Today’s supply chains often present environments in which uncertainty, rather than being something to avoid at all costs, must be accepted as implicit. Amid this growth in volatility, agile supply chain principles are gaining favour in many industries, but particularly in sectors such as consumer electronics and fashion retail.
Limitations of Lean, Low Cost Supply Chains
It’s not that driving for supply chain efficiency is a bad thing. The challenge for many enterprises though, is in breaking a long-established fixation on speed and cost reduction as primary strategic goals. The world has changed, so especially if your supply chain operates across national or continental borders, cost cutting and streamlining must be tempered with the means to adapt to volatile and dynamic conditions.
If your supply chain is too lean, you can’t adapt easily. If your supply chain is super-efficient, it may not be resilient in times of disruption. If your costs are cut to the quick, so is your ability to deal with uncertainty and variability. In short, getting agile is a necessity, not an option in the current globalised supply environment.
Characteristics of the Agile Supply Chain
So what exactly does getting agile mean? Where should you direct the focus of your management team to improve agility? It can be tricky to know where and how to begin.
Certainly it can pay to consult with other supply chain executives, especially those whose organisations have already progressed on an agile journey. If you have a network that you can turn to, or a peer group that you can canvass for ideas, now is a good time to do that.
The following list of agile supply chain characteristics might give you some ideas for getting started:
- An agile supply chain relies less on forecasting and instead, strives to get close to demand signals, therefore responding to real demand.
- An agile supply chain is comprised of integrated processes, not only within a single company, but across all partner organisations.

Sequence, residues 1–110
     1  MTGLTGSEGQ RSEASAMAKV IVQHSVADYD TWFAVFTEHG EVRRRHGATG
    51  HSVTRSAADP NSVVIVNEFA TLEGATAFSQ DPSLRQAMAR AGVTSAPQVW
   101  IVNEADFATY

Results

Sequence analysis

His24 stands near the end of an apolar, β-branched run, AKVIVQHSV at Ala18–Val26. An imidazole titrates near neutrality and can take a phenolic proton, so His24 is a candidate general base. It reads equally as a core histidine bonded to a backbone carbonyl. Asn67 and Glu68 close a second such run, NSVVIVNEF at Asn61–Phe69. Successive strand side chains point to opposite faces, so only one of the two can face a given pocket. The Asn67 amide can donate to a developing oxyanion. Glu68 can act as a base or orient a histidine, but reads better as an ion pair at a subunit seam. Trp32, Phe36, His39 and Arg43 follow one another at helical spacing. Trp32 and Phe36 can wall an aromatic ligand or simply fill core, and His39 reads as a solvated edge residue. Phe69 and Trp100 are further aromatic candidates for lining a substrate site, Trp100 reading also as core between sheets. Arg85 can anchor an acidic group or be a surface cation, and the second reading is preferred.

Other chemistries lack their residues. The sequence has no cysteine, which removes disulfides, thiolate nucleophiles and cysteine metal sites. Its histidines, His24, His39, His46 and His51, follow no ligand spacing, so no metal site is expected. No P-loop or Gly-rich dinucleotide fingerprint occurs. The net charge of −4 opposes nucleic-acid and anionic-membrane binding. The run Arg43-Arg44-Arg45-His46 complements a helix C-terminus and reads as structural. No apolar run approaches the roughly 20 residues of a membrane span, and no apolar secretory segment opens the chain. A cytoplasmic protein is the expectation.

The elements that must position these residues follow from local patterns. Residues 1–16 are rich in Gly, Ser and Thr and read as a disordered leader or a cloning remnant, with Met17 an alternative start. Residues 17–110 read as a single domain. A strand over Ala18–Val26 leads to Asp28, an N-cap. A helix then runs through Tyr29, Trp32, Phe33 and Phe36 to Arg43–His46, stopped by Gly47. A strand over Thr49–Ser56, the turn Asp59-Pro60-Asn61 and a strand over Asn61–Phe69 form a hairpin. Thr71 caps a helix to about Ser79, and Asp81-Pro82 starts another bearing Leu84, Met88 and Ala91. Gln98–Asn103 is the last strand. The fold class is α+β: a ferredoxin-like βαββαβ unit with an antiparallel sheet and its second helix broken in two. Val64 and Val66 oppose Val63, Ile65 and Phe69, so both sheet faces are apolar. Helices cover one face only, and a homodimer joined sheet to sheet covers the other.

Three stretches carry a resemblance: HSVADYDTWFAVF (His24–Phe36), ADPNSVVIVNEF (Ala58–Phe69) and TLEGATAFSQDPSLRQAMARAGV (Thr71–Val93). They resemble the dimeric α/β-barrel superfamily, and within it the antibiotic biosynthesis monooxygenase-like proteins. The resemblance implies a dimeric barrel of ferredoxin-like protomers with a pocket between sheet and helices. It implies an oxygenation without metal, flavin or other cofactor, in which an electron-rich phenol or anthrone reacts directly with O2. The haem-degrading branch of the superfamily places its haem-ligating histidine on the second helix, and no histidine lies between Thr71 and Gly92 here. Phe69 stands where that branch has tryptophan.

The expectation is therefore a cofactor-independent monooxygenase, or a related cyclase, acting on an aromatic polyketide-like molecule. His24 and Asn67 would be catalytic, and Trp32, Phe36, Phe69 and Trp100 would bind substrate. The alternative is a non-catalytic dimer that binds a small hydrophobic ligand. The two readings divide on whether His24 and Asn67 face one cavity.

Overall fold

- In an agile supply chain, buyers and suppliers collaborate, share information, and use common systems
- Buyers and suppliers work together on product design and develop shared contingency plans for disruptive events
- Agile supply chains seek to postpone product differentiation until the furthest possible point down the supply chain
- Agile supply chains are focused on logistics flexibility, maintaining third-party relationships for improved responsiveness
- Agile supply chains concentrate on information rather than inventory, maintaining appropriate levels of buffer inventory for strategically important materials/items
Technology for the Agile Supply Chain
As you might imagine when reading through the characteristics above, technology plays an important part in getting agile. As supply chains progress on the agile journey, investment in some or all of the following IT applications is to be expected:
- Supply chain management (SCM) solutions
- Transportation management systems (TMS)
- Advanced business analytics
- Horizontally oriented ERP platforms
- Web-based applications for sharing point-of-sale and inventory data
- Procurement execution and automation systems
A Program for Giving and Getting Agile Inspiration
If you are already steering your company along the path to supply chain agility, or are planning to do so, it’s a journey you don’t have to make on your own. Getting agile is a trending supply chain imperative in many industries; a prime topic for some executive brainstorming and knowledge-sharing.
The Supply Chain Leaders Boardroom is a membership program for executives like you, where you can get help in developing your agile strategy, and share the experience with an empathic network of professional peers. If you’d like to learn more, just send us your contact details via our home page contact form.